The Russian Ministry of Finance intends to prohibit the issuance of cryptocurrency in the country, but allow its purchase to be used in other countries and sold abroad.

As the Deputy Finance Minister Alexey Moiseev said in an interview with “Rossiyskaya Gazeta”, this approach has been developed while working on a new version of the draft law that previously was aiming at the complete ban of cryptocurrencies in Russia.

The latest version of the bill will allow the purchase of cryptocurrency, because without it, the ministry believes, it is impossible to develop the blockchain technology. The latter is regarded primarily as an advanced solution for data storage and has attracted the favourable attention of many Russian official institutions, including the Central Bank.

“But the blockchain works in such a way that bitcoins always appear as side products of its use. It is obvious, that in this case, we need to exclude operators from liability for its emission, for them to avoid any risks of prosecution,” says Moiseev, to whom "bitcoin" seems to be a synonym of cryptocurrency in general. 

However, the Ministry of Finance still insists on banning the issuance of any unofficial currency in Russia, because it contradicts the Constitution:

“Our goal is to prevent the circulation of cryptocurrencies on Russian territory. According to the Constitution, the ruble is the only permitted currency in the country. And its only issuer is the Bank of Russia. Therefore, the issuance of any other currency here is illegal.”

This is why the legalisation of cryptocurrency is only considered as regards to its sale and purchase. In this sense, its legal status would be hardly different from that of any foreign currency:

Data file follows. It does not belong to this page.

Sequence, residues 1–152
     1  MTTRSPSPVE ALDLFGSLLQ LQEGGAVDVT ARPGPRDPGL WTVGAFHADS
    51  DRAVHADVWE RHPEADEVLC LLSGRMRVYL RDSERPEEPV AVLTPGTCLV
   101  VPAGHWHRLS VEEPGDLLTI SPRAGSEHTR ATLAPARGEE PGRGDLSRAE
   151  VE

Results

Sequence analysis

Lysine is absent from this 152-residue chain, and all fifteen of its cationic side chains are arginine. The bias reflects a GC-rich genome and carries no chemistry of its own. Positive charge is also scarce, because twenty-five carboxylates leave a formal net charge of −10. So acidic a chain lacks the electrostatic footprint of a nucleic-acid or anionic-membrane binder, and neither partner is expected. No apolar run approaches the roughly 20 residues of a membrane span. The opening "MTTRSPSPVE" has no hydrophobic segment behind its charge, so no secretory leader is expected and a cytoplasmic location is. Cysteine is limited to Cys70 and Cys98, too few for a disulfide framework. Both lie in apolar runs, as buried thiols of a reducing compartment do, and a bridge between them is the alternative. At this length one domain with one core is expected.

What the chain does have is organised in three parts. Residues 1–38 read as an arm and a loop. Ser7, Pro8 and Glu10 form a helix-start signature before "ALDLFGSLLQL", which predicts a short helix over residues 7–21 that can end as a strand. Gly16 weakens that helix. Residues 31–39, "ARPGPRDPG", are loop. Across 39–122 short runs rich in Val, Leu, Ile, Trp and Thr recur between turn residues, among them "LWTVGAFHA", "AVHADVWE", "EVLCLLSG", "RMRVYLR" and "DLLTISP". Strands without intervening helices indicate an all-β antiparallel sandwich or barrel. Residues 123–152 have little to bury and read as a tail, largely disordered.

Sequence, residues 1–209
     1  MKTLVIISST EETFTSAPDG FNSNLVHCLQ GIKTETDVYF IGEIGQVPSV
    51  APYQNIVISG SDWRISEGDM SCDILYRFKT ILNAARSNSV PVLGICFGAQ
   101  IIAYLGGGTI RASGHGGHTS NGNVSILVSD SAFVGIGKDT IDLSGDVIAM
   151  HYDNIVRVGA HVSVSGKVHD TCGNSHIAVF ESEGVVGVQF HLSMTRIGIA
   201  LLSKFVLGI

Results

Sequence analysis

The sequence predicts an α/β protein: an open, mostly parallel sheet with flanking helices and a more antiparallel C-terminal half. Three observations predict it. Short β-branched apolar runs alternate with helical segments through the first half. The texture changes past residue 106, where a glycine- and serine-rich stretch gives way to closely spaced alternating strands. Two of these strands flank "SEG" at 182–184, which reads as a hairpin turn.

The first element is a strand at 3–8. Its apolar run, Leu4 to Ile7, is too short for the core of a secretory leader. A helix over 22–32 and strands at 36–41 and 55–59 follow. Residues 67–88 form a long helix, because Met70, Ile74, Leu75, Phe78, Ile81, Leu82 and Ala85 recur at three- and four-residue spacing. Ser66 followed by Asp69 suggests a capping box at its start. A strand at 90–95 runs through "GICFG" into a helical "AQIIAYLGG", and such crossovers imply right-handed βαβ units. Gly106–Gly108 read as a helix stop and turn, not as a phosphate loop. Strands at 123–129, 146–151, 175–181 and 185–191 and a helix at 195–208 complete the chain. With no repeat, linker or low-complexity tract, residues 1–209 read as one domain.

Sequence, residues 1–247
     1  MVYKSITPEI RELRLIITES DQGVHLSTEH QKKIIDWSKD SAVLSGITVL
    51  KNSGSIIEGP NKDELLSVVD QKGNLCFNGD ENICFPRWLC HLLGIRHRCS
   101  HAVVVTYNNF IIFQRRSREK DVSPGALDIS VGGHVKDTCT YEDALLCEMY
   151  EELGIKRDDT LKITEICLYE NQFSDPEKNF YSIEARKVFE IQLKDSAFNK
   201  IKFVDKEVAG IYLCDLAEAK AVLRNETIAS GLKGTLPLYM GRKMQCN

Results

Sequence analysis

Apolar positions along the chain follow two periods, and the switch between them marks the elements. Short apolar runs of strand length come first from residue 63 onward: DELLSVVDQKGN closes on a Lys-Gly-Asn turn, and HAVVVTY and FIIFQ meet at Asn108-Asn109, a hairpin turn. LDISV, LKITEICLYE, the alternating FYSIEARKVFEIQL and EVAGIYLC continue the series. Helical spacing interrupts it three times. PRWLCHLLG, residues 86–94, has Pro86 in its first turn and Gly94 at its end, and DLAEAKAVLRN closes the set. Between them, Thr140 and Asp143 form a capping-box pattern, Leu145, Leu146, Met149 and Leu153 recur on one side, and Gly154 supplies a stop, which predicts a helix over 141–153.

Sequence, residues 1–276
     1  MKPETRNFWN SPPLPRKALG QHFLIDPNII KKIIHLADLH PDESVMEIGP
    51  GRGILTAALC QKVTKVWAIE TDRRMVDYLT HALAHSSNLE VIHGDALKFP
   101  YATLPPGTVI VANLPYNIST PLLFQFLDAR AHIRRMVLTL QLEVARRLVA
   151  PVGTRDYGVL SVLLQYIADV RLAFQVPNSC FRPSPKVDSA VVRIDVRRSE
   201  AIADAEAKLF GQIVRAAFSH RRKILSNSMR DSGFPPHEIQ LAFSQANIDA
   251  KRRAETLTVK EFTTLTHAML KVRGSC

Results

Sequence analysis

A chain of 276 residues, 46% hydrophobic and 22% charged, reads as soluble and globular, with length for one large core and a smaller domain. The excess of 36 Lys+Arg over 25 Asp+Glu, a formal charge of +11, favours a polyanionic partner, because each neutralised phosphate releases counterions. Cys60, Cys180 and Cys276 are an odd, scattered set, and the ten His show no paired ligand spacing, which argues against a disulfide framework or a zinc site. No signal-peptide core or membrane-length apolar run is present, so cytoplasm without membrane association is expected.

“Its usage is restricted because you cannot emit foreign money in Russia. However, you can buy, it, put it in your pocket and leave the country… That is why we are working to modify the wording of the draft law to make possible purchasing cryptocurrencies in order to use them outside Russia, as well as selling bitcoins abroad for profit.”

The deputy minister believes that the new version of the draft law will be ready to enter the State Duma by the end of 2016.

It is noteworthy that the previous version of the draft law created by the Ministry of Finance suggested very heavy penalties both for mining and for trading in cryptocurrencies: up to 4 years of imprisonment or a fine of 500 thousand rubles for private individuals. For organised groups, the punishment would be up to 6 years in prison or fines of 500,000 to 1 million rubles. For senior management of banks and other financial institutions involved in issuing of cryptocurrencies, or “surrogate money”, the punishment would be up to 7 years in jail with deprivation of the right to hold specific posts or fines of up to 2.5 million rubles.

Later, the Ministry of Justice disapproved the document and demanded to clarify some definitions in it as well as provide additional grounds to consider cryptocurrencies a threat to society. Due to the criticism, the presentation of the draft law’s final version has been postponed several times.

Elena Platonova, Svetlana Nosova